Some brief speeches were made.  Melrose Mayor Cummins proudly exclaimed, “We’ll kill the fatted calf” at the official celebration.  The players and Coach Hlubek tried to escape notice, but all had to make short speeches and shake many hands.  Team Captain O’Connor said, “You can’t beat us Irish.”  The crowd appreciated that comment, since 80% of the town and team were Irish.  Reporters thought that Jim Thynne’s grandmother was the most excited of all.  She stood up on a chair, so she could kiss her 6’3” grandson.

Melrose partied some more at the official celebration on the next Wednesday, March 31.  An impromptu stage was built at the corner of Shamrock and Erin streets for the ceremony.  Many members of the media were present, including a radio station.  Speakers included Father D.C. Browne, town priest; Father Charles O’Connor, priest in neighboring Chariton; Earl Parks, President of the Melrose School Board; Charles Miller, an Albia attorney; Dr. T.A. Moran, the Melrose doctor who had delivered many of the members of the team; and Melrose Mayor James Cummins.  An estimated crowd of 1,000 to 1,500 people feasted upon 1,000 pounds of roasted pork and beef during the celebration.  The crowd had two types of dances to choose from, a square dance or the 1937 version of a “modern” dance.  The official celebration would continue into the wee hours.

The townspeople started a petition drive that day for the construction of a community center that would provide a new home court for the state champions.  The families of many of the team members, Coach Hlubek, and Mayor Cummins were among those who signed the petition.  The Community Center was not completed for the next basketball season, but was finished by September of 1939.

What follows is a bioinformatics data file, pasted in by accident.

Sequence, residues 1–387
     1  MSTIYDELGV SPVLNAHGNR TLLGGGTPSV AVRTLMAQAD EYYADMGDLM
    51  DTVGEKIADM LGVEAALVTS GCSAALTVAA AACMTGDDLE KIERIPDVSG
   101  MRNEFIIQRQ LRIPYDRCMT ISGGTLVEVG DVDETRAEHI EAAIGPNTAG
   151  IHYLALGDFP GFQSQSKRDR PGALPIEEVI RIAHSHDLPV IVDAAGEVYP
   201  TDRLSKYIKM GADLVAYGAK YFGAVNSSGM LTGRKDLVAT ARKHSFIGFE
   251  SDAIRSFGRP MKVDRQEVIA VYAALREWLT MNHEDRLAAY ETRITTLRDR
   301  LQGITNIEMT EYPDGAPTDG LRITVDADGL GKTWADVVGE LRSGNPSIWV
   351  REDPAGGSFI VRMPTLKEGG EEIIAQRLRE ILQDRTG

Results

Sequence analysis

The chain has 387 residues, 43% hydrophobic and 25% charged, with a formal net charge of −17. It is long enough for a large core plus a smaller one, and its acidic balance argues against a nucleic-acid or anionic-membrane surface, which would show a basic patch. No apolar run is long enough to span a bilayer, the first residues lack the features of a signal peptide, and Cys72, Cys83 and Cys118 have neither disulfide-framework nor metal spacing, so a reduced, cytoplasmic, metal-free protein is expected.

Learn More About The Hall Restoration

Also during the official celebration, a newspaper photographer raised a ladder against the Post Office to gain a high vantage point for pictures.  A group of young boys took this opportunity to climb up to the roof of the Post Office.  One of the speakers noted that at first glance, he thought the figures on top of the Post Office were “statuary.”

One of the highlights of the celebration was the presentation of the championship trophy to the school by Team Captain Walt O’Connor.  O’Connor had prepared an eleven-word speech that grew by one word:  “I take great pleasure in presenting this trophy to Melrose High School.”

Beyond the official celebration, the championship team was invited to many special banquets in their honor.  One very special event took place at the Ritz Theater in Chariton, where the Shamrocks viewed newsreels containing tournament action.  Just about everybody wanted to play host to the state champions.

Not everybody was happy with the Melrose team, however.  Coach Hlubek received several “sour grape” unsigned letters from Marshalltown fans who were not thrilled by the upset victory over their team.

Huron, South Dakota even wanted to take on the Shamrocks.  The team was thwarted in its efforts.  The Board of Control of the South Dakota High School Athletic Association decided the challenge would give Huron a preseason advantage over other South Dakota teams.  Everyone wanted a shot at Melrose now.